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How to Make Performance Evaluations Really Work

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How to Make Performance Evaluations Really Work

A Step-by-Step Guide Complete With Sample Words, Phrases, Forms, and Pitfalls to Avoid


15 min read
10 take-aways
Text available

What's inside?

Handle performance evaluations poorly and risk a lawsuit, but do them well and everyone benefits.

Editorial Rating



  • Applicable


This practical guide is a must-read for anyone who conducts performance evaluations - especially for those new to the process. Step-by-step, it explains why you should evaluate employee performance, how to set up a program and how to conduct the evaluations. The appendices alone are invaluable. Author Glenn Shepard provides nearly 60 pages of useful, hands-on materials. Appendix A is packed with words and phrases that will enable you to be specific about your observations of employee behavior in areas such as attendance and workplace safety. Appendix B provides five performance evaluation forms that demonstrate a variety of evaluation techniques, such as using essays or assigning numerical values to weighted descriptive scales. Appendix C includes several self-evaluation forms organizations can use as models. getAbstract recommends this book to managers, supervisors and human resource professionals who must develop workable, legally sound employee performance evaluation systems.


Why Evaluate?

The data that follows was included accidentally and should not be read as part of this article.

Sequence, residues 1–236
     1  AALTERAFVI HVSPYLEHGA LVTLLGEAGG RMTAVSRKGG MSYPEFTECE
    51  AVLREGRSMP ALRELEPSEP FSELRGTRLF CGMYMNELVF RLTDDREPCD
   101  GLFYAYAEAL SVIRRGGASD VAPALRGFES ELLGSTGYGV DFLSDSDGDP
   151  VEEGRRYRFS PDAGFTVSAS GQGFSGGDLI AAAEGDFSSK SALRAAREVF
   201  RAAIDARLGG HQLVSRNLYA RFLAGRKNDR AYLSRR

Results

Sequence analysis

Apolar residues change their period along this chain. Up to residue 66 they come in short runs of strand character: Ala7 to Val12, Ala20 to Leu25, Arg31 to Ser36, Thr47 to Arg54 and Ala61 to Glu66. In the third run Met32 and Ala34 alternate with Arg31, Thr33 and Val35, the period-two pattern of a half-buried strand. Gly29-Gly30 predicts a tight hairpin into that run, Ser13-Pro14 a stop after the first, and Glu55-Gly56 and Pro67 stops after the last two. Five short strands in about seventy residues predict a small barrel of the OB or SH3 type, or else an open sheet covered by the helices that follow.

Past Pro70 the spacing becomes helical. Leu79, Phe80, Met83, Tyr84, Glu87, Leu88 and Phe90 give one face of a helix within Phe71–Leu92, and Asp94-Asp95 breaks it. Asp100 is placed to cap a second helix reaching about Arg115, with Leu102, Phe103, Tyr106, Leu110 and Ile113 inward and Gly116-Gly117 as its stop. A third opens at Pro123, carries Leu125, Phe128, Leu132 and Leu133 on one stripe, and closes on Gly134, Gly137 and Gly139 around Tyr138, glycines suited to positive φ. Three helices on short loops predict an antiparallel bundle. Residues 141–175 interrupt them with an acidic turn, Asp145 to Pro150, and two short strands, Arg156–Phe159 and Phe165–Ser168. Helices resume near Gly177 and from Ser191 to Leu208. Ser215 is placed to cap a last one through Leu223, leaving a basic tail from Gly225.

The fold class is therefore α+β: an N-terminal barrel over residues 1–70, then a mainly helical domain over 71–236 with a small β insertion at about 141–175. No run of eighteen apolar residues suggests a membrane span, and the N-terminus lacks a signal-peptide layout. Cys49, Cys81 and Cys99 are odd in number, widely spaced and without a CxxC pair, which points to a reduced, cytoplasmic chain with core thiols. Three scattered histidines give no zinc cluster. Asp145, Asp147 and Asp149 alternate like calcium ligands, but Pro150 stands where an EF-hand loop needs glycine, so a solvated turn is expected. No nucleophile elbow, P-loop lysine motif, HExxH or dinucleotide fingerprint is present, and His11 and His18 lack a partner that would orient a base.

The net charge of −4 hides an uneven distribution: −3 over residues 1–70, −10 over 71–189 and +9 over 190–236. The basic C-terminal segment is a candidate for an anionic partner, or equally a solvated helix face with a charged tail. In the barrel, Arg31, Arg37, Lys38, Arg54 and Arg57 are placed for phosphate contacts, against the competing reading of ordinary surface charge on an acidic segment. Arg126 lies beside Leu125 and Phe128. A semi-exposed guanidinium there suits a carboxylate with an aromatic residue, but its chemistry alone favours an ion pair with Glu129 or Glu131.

In the hands of a skilled manager, a performance evaluation is an excellent management tool. It can prevent lawsuits, safeguard your company against fraudulent unemployment claims and help employees focus on corporate goals and objectives. Evaluations are not only beneficial to the organization. Well-done evaluations have a huge impact on the performance, behavior, attitude and morale of individual employees and work units. Employees learn what they are doing right, whether they are meeting expectations and how to improve. They learn to enhance their value to the company and their employability. Managers gain valuable insight into what employees think of their own performance and have a chance to correct poor behavior. Instead of having to impose discipline they can determine what sort of additional training employees need or want - a better solution for everyone.

The content of an evaluation should never come as a surprise to your employees, since you already should be providing feedback verbally and through your daily decisions. The appraisal, evaluation meeting and written documents are formalities that spell out what the employee already knows.

About the Author

Glenn Shepard runs seminars for managers. He wrote How to Manage Problem Employees.

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